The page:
Factors associated with guideline-concordant biomarker testing in patients with stage IB-IIIA non-small cell lung cancer

Candice Wilshire | 2023

Advisor: Noel Weiss

Research Area(s): Cancer Epidemiology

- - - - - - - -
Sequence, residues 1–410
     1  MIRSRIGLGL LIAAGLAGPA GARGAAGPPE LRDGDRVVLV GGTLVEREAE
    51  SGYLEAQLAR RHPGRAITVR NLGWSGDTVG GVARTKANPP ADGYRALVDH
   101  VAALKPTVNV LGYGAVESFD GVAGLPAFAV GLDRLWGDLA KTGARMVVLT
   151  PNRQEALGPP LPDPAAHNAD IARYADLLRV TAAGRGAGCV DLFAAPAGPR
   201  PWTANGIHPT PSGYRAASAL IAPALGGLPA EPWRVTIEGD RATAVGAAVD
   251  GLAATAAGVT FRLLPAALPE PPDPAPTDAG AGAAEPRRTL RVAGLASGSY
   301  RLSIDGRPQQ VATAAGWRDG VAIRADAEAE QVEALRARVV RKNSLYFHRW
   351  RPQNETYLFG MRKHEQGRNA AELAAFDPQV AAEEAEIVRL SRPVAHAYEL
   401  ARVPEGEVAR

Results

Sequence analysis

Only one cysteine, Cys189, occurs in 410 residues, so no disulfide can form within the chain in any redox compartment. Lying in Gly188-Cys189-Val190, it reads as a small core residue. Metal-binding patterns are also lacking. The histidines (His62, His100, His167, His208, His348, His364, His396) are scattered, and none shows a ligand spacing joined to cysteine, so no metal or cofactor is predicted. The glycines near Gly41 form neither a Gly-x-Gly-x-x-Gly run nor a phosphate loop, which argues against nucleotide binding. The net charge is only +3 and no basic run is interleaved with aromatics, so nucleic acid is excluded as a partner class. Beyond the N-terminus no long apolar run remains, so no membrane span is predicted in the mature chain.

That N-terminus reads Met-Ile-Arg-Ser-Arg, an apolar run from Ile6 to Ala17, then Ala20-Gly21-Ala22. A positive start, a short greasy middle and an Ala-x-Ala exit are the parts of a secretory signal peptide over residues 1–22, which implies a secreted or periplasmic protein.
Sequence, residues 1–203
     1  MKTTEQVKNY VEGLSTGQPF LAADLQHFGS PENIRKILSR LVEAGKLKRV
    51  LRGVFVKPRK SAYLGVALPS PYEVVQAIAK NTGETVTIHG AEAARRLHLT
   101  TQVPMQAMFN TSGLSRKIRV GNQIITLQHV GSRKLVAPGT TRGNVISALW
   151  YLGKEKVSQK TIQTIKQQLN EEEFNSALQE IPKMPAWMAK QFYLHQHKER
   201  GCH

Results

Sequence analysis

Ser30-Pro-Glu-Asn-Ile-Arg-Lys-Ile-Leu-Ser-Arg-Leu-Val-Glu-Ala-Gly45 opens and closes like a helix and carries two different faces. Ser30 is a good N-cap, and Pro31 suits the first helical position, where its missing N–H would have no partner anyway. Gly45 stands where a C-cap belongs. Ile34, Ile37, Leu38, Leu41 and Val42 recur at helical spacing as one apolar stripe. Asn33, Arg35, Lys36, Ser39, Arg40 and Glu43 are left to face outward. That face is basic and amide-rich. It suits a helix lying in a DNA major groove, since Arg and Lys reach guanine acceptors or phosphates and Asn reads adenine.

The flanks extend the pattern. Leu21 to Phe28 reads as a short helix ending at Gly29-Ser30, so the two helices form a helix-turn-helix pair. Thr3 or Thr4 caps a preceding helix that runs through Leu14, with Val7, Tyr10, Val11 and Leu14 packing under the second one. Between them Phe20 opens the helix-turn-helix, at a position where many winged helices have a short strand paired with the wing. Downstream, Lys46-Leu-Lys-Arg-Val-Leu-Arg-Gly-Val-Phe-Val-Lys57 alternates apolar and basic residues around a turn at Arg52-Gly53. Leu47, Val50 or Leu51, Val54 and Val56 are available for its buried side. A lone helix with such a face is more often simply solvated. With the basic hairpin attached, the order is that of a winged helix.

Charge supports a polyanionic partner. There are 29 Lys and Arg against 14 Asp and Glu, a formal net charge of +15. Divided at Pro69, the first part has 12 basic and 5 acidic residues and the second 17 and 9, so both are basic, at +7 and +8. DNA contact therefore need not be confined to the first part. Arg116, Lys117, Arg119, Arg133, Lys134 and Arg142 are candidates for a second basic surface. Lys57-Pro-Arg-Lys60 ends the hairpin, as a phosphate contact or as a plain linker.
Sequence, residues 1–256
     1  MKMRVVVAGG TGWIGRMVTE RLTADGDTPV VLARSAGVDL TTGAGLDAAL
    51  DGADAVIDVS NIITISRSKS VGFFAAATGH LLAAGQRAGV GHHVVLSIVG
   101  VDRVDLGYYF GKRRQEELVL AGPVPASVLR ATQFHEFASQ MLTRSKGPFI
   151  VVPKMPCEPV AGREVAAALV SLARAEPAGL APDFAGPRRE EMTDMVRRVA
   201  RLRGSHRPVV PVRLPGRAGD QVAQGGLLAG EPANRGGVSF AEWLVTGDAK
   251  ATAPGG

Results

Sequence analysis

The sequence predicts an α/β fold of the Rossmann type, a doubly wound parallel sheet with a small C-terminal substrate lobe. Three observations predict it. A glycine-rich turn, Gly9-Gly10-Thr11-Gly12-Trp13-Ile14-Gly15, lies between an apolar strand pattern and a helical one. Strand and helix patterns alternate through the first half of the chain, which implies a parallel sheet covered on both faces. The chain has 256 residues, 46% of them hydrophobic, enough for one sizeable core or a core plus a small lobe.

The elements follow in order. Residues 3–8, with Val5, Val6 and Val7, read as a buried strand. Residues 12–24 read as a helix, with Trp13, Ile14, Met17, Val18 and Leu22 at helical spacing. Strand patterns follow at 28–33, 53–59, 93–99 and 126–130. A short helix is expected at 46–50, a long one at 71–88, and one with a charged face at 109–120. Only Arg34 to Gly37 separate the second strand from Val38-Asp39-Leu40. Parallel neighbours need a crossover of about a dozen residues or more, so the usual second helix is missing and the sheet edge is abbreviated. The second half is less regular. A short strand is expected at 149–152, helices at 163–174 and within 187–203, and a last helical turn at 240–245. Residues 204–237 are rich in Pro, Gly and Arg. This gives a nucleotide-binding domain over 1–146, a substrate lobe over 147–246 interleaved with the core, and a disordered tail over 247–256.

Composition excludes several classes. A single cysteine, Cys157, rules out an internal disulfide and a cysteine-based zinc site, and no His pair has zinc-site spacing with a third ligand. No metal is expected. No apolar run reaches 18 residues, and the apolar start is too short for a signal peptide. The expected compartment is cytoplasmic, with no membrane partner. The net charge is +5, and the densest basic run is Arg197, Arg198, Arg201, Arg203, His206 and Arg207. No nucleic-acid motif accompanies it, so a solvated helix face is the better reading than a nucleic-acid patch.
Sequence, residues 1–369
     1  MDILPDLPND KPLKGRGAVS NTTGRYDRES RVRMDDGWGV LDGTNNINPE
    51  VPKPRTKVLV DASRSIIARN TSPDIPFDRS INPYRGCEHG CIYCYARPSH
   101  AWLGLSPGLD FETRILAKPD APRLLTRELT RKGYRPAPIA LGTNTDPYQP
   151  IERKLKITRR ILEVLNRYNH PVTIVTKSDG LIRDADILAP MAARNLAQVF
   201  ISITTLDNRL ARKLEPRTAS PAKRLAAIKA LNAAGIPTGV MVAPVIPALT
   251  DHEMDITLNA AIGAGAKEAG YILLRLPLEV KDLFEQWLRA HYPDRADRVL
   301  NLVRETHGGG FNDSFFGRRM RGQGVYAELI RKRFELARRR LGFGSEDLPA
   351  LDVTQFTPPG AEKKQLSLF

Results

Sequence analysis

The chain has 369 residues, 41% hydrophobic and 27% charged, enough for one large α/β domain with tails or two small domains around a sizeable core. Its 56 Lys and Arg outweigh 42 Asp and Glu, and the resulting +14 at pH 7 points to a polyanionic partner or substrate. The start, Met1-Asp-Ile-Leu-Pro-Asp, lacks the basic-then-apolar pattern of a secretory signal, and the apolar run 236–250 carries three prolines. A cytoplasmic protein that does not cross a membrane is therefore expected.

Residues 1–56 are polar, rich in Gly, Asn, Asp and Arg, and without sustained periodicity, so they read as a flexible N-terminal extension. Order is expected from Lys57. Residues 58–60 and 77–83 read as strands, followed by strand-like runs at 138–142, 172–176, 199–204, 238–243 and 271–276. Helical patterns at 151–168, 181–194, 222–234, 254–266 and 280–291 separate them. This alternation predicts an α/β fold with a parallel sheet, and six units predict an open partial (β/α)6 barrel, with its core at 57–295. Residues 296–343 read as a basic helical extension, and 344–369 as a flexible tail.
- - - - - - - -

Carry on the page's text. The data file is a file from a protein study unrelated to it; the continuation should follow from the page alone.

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Even with recent advances in identifying oncogenic genomic alterations and developing targeted therapies for non-small cell lung cancer (NSCLC), the uptake of molecular testing remains suboptimal among patients with advanced NSCLC, and comparable estimates for molecular testing in earlier stage NSCLC have not previously been published. This study describes and identifies factors associated with the receipt of 2021 guideline-concordant biomarker testing among patients with newly diagnosed stage IB-IIIA NSCLC within a community-based healthcare network. Methods: This was a retrospective cohort study of adult patients with histopathologically confirmed stage IB-IIIA NSCLC diagnosed within the Providence-Swedish Health Alliance between March 1, 2021, and June 3, 2022. The study outcome was defined as receipt of biomarker testing for somatic epidermal growth factor receptor (EGFR) mutations, concordant with 2021 National Comprehensive Cancer Network guidelines. Logistic regression analyses were performed to identify factors associated with receipt of guideline-concordant testing. Results: Of 322 patients, 70 (22%) received guideline-concordant EGFR mutation testing. Overall, the likelihood of receipt of guideline-concordant testing was similar across age, sex, health insurance, and stage categories. While none of the patients of minority races, Hispanic or Latino ethnicity, and/or who had a preferred language that was not English received guideline-concordant testing, small numbers limit conclusions. Of the 134 (42%) patients who underwent surgical resection of their NSCLC, 31 (23%) had guideline-concordant EGFR mutation testing versus 39 of 188 patients (21%) who had not undergone surgery. Among 22 patients whose resected tumor had been tested for one or more biomarkers, 9 (41%) received guideline-concordant EGFR mutation testing. The proportion of patients who underwent guideline-concordant testing was similar across Commission on Cancer-accredited cancer programs and facilities in metropolitan counties. However, none of the patients undergoing management at facilities in non-metropolitan counties received guideline-concordant testing. The proportion of patients who received guideline-concordant testing was higher at facilities with a reflex testing program (37%) compared to the proportion at facilities without a reflex testing program (15%). After multivariable adjustment, patients managed at facilities with a reflex testing program were 3.23 (95% confidence interval: 1.85-5.83) times as likely to undergo guideline-concordant EGFR mutation testing as compared to patients managed at facilities without a reflex testing program. Conclusions: This study highlights the suboptimal uptake of guideline-concordant EGFR testing in patients with early-stage NSCLC, notes potential disparities in testing, and underscores the importance of a reflex testing program in facilitating appropriate biomarker testing. These findings emphasize the urgency for interventions aimed at increasing awareness, addressing disparities, and improving access to guideline-concordant testing to optimize treatment decision-making.